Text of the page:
The Ground


Now what strikes you first, as you climb the short flight of stairs and the ground first comes into view, is that this ground is very very pretty. The bowl shaped stands, the towering grand-stand on one side, the lush green field drenched in the floodlights, the beautiful Western Ghats in the distance and a glorious red sun setting into it. From our seats in the North-East stand, it was a picture a worth a million.




It's a smallish ground. About 70 meters on all sides. Good for T20 cricket I suppose. Also good for viewing as even from the highest seats you get an excellent view of the action. The pillar-less construction means you don't have any obstructions. The floodlights are built for HD television, so the lighting is bright.

We saw the two squads warm up on the field. The English team certainly looked more athletic and sprightly. They did some sprints, a few sessions on the practice wickets and a bunch of running exercises. The Indians did some exercises lying down, a bit of jogging on the field and some catching practice.



The seats were a mixed-bag. They're comfortable, wide and sturdy. But a little too high from the concrete below them. Most people had their feet hanging and over three hours, that does get a bit difficult. There were some arguments over people being on each other's seats but the atmosphere was friendly and exciting.


 Pee-Pee time, Not a good time


The urinals, as I said before, were woefully inadequate. 5 stalls to service 3000+ people is quite an absurd thought. There was such a rush towards the end that people resorted to peeing on the walls inside the urinals. The women's washrooms were probably cleaner and neater because they were empty. My guess is there were not more than 300 women in that stand.


 The Match


The match was a good one. I guess that was because we won. But also because it was quite entertaining. Alex Hales ran away to a fifty before I could upload a picture on Facebook. Now my GPRS connectivity was weak. But at a strike-rate of 160, which is the highest for an English batsman against India for 50+ scores, it was a great knock. Along with Luke Wright, they were at 81/1 after 9 overs, looking set for a 175+ score. Then came Dhoni's 7th bowling change, the man with the golden arm, the pie-chucker (who also eats a fair share of those pies, judging by his size) Yuvraj Singh. Quite nonchalantly he bowled 4 overs for 19 runs and picked three wickets. Suddenly, the innings went from top gear to hand-brake. England added 68 runs in the last 10 overs. Final score - 157/6.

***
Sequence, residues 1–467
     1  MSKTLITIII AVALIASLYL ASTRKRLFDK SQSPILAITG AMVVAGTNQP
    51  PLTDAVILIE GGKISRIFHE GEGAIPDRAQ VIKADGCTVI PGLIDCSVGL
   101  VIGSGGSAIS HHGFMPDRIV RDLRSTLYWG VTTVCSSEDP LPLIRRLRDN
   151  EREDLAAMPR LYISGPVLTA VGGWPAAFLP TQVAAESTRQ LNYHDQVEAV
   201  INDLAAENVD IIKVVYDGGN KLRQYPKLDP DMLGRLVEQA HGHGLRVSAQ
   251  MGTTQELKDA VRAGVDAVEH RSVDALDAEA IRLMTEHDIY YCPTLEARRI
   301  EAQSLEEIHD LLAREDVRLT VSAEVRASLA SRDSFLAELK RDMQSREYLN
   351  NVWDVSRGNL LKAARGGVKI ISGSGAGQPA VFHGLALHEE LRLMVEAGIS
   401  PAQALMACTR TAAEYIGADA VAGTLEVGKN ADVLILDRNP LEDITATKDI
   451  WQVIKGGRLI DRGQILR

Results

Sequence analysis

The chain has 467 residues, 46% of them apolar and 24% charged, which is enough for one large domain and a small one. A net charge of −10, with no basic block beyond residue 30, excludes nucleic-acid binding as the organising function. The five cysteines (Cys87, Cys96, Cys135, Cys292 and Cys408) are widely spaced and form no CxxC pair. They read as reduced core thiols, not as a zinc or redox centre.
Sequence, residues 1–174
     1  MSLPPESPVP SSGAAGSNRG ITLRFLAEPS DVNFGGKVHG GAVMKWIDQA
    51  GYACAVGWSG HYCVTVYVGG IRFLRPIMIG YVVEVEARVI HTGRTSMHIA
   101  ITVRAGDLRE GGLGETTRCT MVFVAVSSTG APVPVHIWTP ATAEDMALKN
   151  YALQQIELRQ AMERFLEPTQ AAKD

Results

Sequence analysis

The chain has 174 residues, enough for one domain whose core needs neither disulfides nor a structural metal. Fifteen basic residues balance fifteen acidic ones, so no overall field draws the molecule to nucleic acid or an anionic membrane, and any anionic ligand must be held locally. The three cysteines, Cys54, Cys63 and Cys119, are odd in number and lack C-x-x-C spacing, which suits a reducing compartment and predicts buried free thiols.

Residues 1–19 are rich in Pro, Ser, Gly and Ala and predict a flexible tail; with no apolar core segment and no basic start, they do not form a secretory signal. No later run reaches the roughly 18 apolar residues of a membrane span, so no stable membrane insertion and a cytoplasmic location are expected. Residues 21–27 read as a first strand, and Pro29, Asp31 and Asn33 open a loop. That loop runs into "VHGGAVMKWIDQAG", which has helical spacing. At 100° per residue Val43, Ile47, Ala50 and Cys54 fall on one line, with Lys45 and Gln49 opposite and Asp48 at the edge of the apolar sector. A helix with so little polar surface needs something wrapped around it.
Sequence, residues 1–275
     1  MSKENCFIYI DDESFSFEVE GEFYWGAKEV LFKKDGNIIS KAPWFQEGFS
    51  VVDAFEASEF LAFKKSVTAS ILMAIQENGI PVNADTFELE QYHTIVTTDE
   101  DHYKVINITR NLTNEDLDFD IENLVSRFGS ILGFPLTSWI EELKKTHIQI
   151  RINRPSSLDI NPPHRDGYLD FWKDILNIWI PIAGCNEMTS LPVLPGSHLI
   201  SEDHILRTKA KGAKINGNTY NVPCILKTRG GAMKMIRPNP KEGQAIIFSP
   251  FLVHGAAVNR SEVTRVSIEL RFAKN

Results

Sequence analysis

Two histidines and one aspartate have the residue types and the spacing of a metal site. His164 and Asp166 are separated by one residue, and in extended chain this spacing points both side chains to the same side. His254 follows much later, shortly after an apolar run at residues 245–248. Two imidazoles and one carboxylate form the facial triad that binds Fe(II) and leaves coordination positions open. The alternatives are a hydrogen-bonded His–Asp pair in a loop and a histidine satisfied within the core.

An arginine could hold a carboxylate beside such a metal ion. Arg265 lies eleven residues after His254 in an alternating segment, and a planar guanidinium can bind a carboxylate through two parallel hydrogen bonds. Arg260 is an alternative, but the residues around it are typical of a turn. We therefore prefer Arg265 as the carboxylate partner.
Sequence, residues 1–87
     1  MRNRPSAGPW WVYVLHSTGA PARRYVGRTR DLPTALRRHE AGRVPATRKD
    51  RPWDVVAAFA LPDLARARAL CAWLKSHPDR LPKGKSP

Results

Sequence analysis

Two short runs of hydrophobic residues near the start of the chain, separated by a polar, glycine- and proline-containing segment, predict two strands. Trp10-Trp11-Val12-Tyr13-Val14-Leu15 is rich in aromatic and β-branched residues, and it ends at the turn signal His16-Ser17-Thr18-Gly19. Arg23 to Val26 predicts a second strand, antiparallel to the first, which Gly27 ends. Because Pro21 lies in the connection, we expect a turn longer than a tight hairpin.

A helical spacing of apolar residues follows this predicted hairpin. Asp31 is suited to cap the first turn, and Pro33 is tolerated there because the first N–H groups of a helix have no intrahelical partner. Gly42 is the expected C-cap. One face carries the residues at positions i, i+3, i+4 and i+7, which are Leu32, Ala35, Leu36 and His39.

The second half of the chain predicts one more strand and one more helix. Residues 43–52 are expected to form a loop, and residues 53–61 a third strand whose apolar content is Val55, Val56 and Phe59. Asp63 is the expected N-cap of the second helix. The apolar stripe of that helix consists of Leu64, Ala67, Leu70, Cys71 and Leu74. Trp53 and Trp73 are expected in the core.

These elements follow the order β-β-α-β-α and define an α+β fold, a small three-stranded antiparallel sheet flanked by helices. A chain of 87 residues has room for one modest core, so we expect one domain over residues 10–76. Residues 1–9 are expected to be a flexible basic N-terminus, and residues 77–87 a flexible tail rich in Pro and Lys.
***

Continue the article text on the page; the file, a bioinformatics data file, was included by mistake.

As I discussed with the turbaned Englishman behind me in the long queue at the urinals, 157 is the kind of score which makes it difficult to call a match. It only takes a spell of 8-10 good balls to change the course of the innings. It happened in the first one, a Yuvraj over was the spell that did it. It could very well happen in the second.

For a brief moment in the Indian innings, it looked as though that might happen. In the 5th over, Bresnan got both Rahane and Gambhir to hole out. The Indian run-rate went from 10+ to about 7.5 in two overs. But once again, Yuvraj was there to set things right. 18 runs of a Danny Briggs over restored the balance towards India. By the time he holed out in the 10th over, the asking rate was just over 6. With Raina, Dhoni and Jadeja still to bat, that wasn't going to be much of a challenge. India cantered home with 13 balls to spare.



The Experience


Brilliant. On a scale from 0-10, I would rate it 8.5. I have been to matches in the Wankhede and I have been to the MCG. The Wankhede barely offers you space to swing an arm. The MCG intimidates you with its sheer size. The Pune stadium does the role of a comfortable stadium for a small city with style.



The tickets for the this match were expensive. Our stands, which happened to lie in the deep mid-wicket/third-man/cover/fine-leg region, depending on the batsman's dominant hand and the end he was on, were priced at Rs. 2000 per ticket. All other expenses included, this trip cost us each about Rs. 2500. I guess there will be more cheaper tickets for the IPL matches which would certainly drive the expenses down significantly.


So when the IPL comes along in a few months time, do go for a match.
It makes for a very good weekend activity.

1 comment: